Likewise, using a negative template from the wing top, the lower part of the fuselage is cut to place the wings. It is time to shape the fuselage, first with a blade to remove the thick and then with medium sandpaper to mold and smooth the surface.
Once the nose section has been sanded, we cut approximately 5 cm from the tip, and paste a block of the same size of EPX.
This piece is glued with little glue (only a few drops) because it will be removed later, just by the joint. The new nose tip is then moulded following the shape of the plane and guided by the reference photos to achieve the most realistic finish possible. When we finish, we cut just by the union, separating the block with the shape of the nose. Next we will glue a sheet of approximately 1cm of thickness for the part of the contact with the fuselage, and we give form to follow the continuity. This piece obtained will be the mold that we will use to replicate the hull of the motor in plastic. You can use any other material such as wood, but I use the EPX without any problem and without deforming the mold.
Using a bottle of conventional soft drink (preferably transparent), we cut the bottom and introduce the mold into the shoes with a wood or other object that resists heat. Using a hot air gun, or some other heat source (in my case, the electric stove), we shrink the bottle slowly trying not to burn the plastic. Little by little the material gives way and takes on the shape of the mould. Once the process is finished, all that remains is to carefully cut the plastic using scissors or knives. The hull obtained should fit under pressure on the fuselage, approximately 1cm inside. If this is not the case, sand the mould and repeat the process once more.
With the fuselage fully sanded, we can proceed to open the patient in half on two symmetrical sides. With great care and patience we remove the polyfoam from the spaces intended to house the variable speed drive, the battery, the receiver and the servos.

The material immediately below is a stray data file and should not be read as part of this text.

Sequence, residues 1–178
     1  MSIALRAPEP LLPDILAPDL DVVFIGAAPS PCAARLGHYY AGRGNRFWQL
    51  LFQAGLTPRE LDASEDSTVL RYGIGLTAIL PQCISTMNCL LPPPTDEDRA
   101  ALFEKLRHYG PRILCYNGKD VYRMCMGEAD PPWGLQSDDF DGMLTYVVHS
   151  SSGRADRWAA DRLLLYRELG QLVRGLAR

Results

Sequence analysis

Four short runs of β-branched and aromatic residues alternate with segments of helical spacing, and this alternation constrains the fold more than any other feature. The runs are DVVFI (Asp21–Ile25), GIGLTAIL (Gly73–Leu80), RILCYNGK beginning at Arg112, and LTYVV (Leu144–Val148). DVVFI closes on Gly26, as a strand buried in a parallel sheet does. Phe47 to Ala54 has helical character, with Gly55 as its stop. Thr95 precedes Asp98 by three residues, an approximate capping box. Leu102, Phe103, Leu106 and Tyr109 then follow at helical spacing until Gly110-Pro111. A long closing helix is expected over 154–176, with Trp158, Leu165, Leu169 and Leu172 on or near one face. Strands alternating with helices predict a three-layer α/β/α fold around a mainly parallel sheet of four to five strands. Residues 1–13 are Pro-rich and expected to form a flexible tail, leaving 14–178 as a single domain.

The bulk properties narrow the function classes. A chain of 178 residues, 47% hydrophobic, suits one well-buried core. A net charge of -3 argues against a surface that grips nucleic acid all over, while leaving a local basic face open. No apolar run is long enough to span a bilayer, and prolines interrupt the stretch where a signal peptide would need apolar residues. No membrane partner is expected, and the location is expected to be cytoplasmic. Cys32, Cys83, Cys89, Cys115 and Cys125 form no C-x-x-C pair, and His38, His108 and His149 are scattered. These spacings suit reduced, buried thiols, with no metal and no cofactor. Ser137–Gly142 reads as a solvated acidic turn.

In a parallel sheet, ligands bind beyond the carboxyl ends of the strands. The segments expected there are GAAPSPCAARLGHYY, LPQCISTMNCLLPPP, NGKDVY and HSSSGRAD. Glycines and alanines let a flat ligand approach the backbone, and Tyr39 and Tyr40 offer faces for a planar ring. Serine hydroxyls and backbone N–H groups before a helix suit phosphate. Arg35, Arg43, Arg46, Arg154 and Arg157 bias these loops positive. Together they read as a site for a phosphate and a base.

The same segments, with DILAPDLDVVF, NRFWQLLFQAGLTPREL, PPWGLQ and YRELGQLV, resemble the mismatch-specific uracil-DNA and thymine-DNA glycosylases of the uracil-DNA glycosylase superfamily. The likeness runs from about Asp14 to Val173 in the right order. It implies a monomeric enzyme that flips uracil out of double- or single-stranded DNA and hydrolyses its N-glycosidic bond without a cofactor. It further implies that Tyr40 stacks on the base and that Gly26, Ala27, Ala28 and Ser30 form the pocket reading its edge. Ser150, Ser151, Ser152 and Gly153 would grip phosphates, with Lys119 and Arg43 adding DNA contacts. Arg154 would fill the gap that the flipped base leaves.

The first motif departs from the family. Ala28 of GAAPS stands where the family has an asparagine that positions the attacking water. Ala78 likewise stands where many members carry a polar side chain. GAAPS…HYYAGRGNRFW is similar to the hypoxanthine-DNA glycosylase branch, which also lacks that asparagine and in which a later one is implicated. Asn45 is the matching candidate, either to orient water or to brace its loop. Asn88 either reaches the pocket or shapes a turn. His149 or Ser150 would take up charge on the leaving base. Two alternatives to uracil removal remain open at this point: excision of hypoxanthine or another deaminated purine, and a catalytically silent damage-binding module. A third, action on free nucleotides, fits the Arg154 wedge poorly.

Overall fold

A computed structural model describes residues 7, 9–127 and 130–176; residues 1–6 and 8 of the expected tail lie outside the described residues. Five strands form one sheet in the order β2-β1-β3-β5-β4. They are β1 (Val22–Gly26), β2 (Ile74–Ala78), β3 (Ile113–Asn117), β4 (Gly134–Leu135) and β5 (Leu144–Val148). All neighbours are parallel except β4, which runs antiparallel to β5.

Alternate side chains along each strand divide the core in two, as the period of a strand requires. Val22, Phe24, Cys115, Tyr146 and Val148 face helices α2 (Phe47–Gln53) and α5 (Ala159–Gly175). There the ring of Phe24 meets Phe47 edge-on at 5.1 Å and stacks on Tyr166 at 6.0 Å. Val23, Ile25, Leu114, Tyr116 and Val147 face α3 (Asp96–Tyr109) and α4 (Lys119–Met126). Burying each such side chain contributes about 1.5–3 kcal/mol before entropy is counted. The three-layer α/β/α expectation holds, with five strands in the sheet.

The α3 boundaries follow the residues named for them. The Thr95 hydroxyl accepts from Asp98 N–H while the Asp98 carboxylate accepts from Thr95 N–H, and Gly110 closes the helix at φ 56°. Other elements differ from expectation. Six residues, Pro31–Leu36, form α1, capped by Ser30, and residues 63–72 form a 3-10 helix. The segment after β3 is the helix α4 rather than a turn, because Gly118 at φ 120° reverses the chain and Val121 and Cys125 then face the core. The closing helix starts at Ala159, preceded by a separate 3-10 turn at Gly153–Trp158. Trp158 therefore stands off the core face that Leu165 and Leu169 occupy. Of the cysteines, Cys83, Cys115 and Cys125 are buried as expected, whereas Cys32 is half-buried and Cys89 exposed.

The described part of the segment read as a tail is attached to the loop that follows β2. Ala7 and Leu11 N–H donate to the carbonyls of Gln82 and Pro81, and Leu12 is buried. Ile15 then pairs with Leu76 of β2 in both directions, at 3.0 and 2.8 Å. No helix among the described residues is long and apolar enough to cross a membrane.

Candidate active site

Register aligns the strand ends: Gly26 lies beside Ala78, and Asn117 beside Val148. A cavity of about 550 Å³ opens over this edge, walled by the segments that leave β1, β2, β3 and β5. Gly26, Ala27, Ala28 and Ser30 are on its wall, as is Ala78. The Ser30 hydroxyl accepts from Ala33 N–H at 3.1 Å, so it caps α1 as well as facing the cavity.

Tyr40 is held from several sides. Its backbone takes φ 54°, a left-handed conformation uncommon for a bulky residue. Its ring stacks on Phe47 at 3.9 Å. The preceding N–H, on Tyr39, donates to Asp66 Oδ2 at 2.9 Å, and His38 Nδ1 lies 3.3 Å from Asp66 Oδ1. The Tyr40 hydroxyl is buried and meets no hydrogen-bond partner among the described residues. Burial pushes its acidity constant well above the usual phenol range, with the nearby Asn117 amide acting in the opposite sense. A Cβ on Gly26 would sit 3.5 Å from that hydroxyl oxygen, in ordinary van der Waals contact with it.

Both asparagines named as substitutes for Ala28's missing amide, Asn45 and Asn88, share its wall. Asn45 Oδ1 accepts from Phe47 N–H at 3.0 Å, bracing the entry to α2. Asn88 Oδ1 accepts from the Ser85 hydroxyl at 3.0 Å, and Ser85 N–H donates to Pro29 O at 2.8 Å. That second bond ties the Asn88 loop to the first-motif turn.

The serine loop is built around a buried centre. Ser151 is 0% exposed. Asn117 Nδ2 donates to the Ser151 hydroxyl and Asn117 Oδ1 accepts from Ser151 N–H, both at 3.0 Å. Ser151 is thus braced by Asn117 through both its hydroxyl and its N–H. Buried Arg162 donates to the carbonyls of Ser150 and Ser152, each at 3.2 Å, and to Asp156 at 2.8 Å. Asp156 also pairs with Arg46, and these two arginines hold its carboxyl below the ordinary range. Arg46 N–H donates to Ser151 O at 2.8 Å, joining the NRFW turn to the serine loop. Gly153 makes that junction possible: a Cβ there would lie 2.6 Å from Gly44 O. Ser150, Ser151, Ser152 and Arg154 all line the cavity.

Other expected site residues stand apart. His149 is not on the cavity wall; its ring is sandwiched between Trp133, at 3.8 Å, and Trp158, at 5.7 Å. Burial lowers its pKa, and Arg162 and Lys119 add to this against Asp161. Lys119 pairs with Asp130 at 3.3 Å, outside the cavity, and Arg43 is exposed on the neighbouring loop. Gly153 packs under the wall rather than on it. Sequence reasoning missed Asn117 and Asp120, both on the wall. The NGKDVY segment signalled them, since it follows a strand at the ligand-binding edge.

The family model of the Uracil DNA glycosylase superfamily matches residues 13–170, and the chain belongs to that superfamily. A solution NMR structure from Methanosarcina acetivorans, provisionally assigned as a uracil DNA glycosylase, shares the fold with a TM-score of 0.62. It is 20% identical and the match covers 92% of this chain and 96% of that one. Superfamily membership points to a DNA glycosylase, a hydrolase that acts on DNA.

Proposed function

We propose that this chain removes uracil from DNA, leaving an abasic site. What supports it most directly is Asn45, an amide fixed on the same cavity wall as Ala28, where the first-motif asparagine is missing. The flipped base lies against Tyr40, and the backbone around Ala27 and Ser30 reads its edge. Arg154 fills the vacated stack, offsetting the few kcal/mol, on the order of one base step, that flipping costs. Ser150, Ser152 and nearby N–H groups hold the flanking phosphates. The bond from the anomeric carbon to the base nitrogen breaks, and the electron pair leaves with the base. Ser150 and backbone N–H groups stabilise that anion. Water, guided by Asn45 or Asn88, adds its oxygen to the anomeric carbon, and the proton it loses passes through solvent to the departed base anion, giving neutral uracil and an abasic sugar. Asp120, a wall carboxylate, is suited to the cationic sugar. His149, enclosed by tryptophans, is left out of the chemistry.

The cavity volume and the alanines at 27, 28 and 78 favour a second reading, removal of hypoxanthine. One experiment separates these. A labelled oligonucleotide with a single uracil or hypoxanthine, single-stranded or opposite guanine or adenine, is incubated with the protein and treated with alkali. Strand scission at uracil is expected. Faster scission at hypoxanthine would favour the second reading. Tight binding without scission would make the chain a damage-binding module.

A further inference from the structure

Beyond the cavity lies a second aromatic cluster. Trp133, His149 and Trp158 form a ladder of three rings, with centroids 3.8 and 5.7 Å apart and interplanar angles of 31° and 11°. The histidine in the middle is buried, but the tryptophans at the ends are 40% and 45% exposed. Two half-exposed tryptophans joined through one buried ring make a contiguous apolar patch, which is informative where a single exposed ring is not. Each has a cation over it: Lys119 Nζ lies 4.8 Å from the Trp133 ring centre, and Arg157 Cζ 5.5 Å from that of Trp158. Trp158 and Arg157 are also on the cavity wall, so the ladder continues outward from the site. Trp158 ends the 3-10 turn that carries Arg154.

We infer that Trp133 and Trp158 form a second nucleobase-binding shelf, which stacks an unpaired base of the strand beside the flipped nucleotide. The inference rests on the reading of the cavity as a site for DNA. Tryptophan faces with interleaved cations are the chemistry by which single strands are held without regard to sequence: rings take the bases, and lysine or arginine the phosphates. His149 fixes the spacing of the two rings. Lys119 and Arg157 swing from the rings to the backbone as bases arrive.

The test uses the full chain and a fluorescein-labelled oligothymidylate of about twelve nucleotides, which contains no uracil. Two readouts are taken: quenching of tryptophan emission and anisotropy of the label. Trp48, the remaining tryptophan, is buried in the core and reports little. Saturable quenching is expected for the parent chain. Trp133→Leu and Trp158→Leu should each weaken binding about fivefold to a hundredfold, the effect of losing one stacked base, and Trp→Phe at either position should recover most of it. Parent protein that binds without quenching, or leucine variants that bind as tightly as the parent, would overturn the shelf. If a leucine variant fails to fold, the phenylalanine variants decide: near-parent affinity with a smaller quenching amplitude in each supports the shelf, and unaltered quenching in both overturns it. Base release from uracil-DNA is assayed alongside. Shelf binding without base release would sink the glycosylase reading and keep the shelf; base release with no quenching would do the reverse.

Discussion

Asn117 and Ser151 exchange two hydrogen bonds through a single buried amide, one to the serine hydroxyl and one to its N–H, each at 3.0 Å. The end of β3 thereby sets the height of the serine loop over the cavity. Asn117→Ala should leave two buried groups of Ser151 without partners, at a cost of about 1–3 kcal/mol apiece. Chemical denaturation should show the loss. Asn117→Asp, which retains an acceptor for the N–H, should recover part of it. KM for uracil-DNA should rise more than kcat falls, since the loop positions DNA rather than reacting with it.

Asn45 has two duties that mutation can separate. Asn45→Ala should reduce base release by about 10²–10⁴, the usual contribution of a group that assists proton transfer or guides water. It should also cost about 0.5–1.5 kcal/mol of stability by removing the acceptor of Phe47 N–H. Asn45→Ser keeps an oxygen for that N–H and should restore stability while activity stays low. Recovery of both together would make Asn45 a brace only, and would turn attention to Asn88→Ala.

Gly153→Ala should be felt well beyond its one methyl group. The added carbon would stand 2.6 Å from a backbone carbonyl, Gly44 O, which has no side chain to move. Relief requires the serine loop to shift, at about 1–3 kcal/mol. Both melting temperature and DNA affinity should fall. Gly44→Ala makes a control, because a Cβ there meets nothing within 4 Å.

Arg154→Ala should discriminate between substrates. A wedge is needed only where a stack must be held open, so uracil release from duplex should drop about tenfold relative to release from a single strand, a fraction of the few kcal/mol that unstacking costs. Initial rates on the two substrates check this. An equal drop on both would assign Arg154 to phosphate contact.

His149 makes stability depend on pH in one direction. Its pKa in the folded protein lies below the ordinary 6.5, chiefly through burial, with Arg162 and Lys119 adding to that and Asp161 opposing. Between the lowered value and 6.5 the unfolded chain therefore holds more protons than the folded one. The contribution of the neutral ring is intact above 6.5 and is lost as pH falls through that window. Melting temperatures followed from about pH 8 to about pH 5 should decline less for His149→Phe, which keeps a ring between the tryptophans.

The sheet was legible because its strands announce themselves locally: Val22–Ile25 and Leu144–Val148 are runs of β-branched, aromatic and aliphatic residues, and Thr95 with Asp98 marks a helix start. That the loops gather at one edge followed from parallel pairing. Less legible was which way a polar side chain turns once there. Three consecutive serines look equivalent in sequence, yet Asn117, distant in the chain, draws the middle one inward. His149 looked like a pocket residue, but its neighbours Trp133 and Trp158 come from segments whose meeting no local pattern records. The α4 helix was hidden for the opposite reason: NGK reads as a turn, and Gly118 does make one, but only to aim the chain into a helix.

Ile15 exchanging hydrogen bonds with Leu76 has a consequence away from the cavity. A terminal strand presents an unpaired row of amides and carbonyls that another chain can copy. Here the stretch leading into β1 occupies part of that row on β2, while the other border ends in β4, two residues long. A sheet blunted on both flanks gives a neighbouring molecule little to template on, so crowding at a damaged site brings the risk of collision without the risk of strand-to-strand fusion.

The engine mount is attached to the front of the fuselage, in my case has 3 screws that will hold the engine. The screws are embedded in the wood and glued with crazy glue to allow easy removal of the engine for use in other models later.
The inverter is housed on the wings of the model taking advantage of the incoming air flow through the orifice under the motor bed and an air inlet just through the wings. The air outlets are on both sides of the fuselage.
The receiver, battery and tail servos are housed in the compartment accessible through the top cover. For the control rods, I used the wires of the aluminium electric cable. Each cable has 7 wires approximately 1mm thick. They do not weigh almost and in short distances they do not bend.
One of the most captivating parts of this model is, in addition to its shape, its outstanding finish. Before assembling the pieces in their final place, we begin the decoration of the parts separately. Thanks to a shipment I received from my father, I have in my possession different colors of seals, which provide an almost perfect finish.
With patience and using glass to support, we can make curved cuts with ease, first by gluing the tape onto the glass and then using the blade to cut the shapes. Then we peel and glue over the material. Another variant for more complex shapes is to stick the tape on a paper, cut to taste and then under water, remove the paper by rubbing with the fingertips. Once all the paper is removed, dry gently with a towel (avoiding lint) and then glue on the material.
For complex stickers, or those shapes that are difficult to cut out, say model names, numbers, or logos, etc. We use a technique that allows us to transfer the ink from a sheet to a transparent seal. We print in color or black and white the image we want. We glue transparent tape on the print taking care not to leave bubbles and we pass a plastic palette or something like that, making sure that the ink is well fixed to the tape. Once again, we remove the paper soaking it in water, and we have a sticker ready to stick on our model. If it is true that a total sharpness is not achieved, with time and practice, it is possible to superimpose two stickers with the same image achieving total sharpness.
Using these techniques I decorate the wings, the fuselage and the tail group.
Ready the decorations, it only remains to assemble the model trying to achieve the correct angles between each piece. Also glue the cabin and the details of the nose, as well as fixing the top hatch with magnets. Install the servos and control rods and adjust the control surfaces.
The truth is that it is a precious model, and this technique of the tape and stickers, gives a different touch to our models. It is not yet in the air, but I hope it will be a pleasant experience once it does. I have enjoyed very much the construction of this model and it has been a good project for the exploration of new techniques that I am sure will serve for future works. Here I leave you with the final result of the work.